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Rabbi Lerner's Response to AlterNet Commenters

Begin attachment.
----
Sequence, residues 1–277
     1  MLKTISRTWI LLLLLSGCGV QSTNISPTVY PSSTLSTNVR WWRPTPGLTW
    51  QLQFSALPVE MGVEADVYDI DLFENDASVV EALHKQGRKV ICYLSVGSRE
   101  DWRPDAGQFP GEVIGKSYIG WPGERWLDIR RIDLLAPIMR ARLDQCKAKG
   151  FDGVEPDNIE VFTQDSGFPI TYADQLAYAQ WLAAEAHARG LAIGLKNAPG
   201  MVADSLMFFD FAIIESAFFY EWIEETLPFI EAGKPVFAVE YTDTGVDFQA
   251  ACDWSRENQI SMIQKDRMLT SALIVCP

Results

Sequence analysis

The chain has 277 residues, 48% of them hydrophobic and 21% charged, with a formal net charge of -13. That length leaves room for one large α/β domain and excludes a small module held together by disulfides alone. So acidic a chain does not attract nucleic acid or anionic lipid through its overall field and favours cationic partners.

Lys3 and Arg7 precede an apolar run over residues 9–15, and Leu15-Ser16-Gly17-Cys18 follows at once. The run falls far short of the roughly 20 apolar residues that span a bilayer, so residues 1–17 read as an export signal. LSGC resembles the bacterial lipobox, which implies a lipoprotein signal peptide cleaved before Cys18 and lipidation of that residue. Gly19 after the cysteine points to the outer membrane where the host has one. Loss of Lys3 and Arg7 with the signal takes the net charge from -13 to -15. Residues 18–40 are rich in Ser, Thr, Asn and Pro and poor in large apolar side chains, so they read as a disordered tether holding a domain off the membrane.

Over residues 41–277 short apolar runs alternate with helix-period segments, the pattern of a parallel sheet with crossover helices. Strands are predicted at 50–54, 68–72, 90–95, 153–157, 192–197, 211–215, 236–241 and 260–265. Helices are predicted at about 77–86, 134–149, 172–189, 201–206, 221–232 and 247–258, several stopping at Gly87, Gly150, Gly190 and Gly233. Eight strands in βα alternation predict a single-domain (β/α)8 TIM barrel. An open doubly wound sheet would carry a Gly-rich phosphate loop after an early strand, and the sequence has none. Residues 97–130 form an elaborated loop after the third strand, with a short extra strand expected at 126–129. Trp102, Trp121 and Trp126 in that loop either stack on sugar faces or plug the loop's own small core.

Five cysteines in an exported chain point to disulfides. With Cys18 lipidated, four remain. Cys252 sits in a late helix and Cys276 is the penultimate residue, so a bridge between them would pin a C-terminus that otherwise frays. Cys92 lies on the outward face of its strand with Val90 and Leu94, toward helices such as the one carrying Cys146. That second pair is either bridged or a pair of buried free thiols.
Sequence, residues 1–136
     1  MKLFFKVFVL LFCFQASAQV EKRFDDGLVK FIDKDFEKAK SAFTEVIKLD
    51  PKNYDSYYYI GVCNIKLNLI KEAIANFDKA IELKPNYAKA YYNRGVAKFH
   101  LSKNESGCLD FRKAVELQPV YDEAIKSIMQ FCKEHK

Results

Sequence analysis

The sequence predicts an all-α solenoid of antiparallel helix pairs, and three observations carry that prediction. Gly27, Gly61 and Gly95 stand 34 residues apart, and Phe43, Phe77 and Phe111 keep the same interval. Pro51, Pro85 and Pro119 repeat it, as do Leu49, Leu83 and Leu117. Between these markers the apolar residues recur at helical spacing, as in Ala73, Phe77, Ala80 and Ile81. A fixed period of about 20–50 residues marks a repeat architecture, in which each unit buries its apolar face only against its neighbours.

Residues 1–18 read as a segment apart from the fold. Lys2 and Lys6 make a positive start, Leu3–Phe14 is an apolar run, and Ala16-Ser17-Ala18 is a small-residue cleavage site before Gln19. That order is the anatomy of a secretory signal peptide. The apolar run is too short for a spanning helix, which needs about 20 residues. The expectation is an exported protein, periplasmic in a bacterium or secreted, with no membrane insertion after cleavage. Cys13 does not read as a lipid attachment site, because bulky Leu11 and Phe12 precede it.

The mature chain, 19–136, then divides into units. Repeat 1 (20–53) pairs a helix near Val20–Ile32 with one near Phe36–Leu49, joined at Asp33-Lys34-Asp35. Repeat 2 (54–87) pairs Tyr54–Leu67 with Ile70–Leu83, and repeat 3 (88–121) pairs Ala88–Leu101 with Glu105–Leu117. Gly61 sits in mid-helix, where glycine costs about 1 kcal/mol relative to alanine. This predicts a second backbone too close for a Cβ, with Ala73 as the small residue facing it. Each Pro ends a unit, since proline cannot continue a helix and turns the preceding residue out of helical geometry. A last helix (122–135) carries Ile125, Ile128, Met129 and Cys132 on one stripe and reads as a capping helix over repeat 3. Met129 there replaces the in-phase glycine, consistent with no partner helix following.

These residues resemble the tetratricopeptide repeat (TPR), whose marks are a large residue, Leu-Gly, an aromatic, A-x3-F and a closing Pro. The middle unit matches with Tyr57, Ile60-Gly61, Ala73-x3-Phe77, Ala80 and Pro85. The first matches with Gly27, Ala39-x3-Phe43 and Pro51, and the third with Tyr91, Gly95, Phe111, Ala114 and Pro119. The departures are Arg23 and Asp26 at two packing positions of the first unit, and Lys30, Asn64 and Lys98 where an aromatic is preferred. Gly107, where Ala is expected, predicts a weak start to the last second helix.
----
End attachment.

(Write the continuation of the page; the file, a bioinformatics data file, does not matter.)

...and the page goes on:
Editor's Note: Last week, AlterNet ran an article that featured a piece by Chris Hedges and another by Rabbi Michael Lerner, titled: "Should Progressives Give Up on Obama?" The article incited lively debate in the comments section and now, Rabbi Lerner, editor of Tikkun magazine and head of the Network of Spiritual Progressives, has penned a response to the article's comments addressed to him by AlterNet readers. It follows here. The dispute between me and Hedges is about what is the best strategy to rebuild a powerful anti-corporate movement, not about whether or not we like Obama’s policies. As editor of Tikkun, I’ve been outspoken in opposition to his war in Afghanistan, his continuation of the human rights violations of the Bush administration, his handing trillions to banks and investment companies rather than creating a national bank to fund social projects and allowing the privately owned banks to be dealt with by the “free marketplace” that conservatives have been praising all these decades, his failure to support Medicare for Everyone (single-payer) health care reform and instead embracing policies that will further enrich the insurance companies and pharmaceuticals, his support of “cap and trade” rather than a carbon tax to stem global warming, his capitulation to Israeli Prime Minister Netanyahu rather than using American power to end the Occupation of the West Bank, his rejection of the Goldstone recommendations on Israel’s human rights violations in Gaza, his support for firing teachers in Rhode Island for working at a school that did not meet the teach-to-the-test absurdities of No Child Left Behind rather than question the validity of the goals that are measured by that legislation, and the list goes on and on and on. These terrible policies are plenty reason to be angry at the Obama Administration. But they have not provoked a huge outcry, even among those most adversely impacted by those policies. Just last week Tikkun received advice from some leading African American progressives that in their community Tikkun was losing credibility by being so outspoken in critiquing Obama, given the widespread perception in that community that attacks on Obama from whatever corner are really expressions of covert racism. Nor have those who have lost their homes to escalating interest rates on mortgage loans or those who have lost their jobs while the money that could have saved them has poured into the coffers of the rich managed to assemble on the streets of our country to demonstrate their outrage. So when developing a strategy, one must take into account the emotional temper of Americans today including their continued willingness to support the Democratic Party, in no small part because of a perception that had Nader not run in 2000 there would never have been a Bush presidency or a war in Iraq or the irresponsible economic policies that led to the economic meltdown. So those of us who wish to stop the growing corporate dominance of the world and reverse the destruction of the environmental destruction of the planet and the erosion of human relationships and ethical values in our society  that is labeled “the globalization of capitalism” but which I prefer to call “the globalization of selfishness,” need to develop smart strategies to change the consciousness of Americans. I believe that there are three elements to such a strategy: 1.     We need to move from a Left that is identified primarily in terms of what it is against to a Left that is known for WHAT WE ARE FOR.  That’s why we at Tikkun created the Network of Spiritual Progressives with its central demand: We need a New Bottom Line. Instead of judging corporations or government policies or our educational system, legal system, health care system or even our personal behavior by how much money or power the generate (the Old Bottom Line), we need to judge all of this to be effective, rational or productive also to the extent that they maximize love and caring, kindness and generosity, ethical and environmentally sustainable behavior, enhance our capacities to respond to other human beings as embodiments of the sacred and to respond to the universe with awe, wonder and racial amazement at the grandeur and mystery of consciousness and Being itself.  How that translates into specific programs is detailed in our Spiritual Covenant with America at 2.     We need to insist that the best path to “homeland security” lies not in domination of others around the world, but in a path of generosity based on genuine caring for others plus a rational understanding that our well-being depends on the well-being of everyone else on the planet. For that reason, we at the Network of Spiritual Progressives developed a Global Marshall Plan to once and for all end global poverty, homelessness, hunger, inadequate education and inadequate health care—and to repair the global environment.  This is our positive alternative to the defense budget. 3.     We need to build a third party by first organizing a massive progressive voice inside the Democratic Party and then leading it out of that party. Nader could have done that if instead of running as an independent candidate in 2000 he had run in the Democratic primaries for President against Gore, gained the votes of 25% or more of that party’s voters, and then led his constituency out of the Party into an independent force. The Progressive Democrats of American (PDA) and the Progressive Caucus of the House of Representatives are important and impressive steps on this path, but until they actually organize their constituency into a membership-based progressive wing of the party that gets at least 25% of the vote in elections, it is premature for them to split to form a third party or to attempt to transform the Greens from its current political-correctness-dominated politics and its aroma of “we act as though we always will be losers” style to a potentially winning third party configuration. This takes the kind of discipline that would prevent the kinds of personal attacks you can read in the above comments on my article, and the development of an ethos of solidarity among those who share common values but who disagree on strategies and tactics. It is that ethos of solidarity that makes us at Tikkun proud to print Christopher Hedges even when we disagree with him, and to offer criticisms of style without suggesting that there is something fundamentally “off” about those with whom we disagree. Tikkun and the Network of Spiritual Progressives (and no, you don’t have to believe in God to be a spiritual progressive—you only to have to agree with out New Bottom Line stated above) are hosting a demonstration at the White House June 13 to challenge Obama’s policies and to urge him to join the very movement that he helped congeal in 2008 but which he subsequently abandoned. There will certainly be a place for anger at that rally, but our task is not to “change Obama’s mind” but to help people who are being hurt by his policies to feel that it is ok to challenge his policies and the corporate takeover of the world without supporting the vile discourse and racist assaults of the Right wingers or the Tea Party conservatives. We will be crafting at our conference in DC that weekend of June 11-14 two Constitutional Amendments: one that is narrowly framed to overturn the recent Supreme Court “Citizens” decision and to declare that corporations are not persons and money is not protected speech; and a second more broadly conceived amendment, the Environmental and Ethical Responsibility Amendment to the Constitution that will require corporate social responsibility and enforce it. I hope that if you agree with the need for a nuanced strategy that doesn’t dismiss our potential allies in the struggle for a world of peace and justice and love and caring or assault them verbally, you’ll sign up for the conference and come to the demonstration at the White House. -- Rabbi Michael Lerner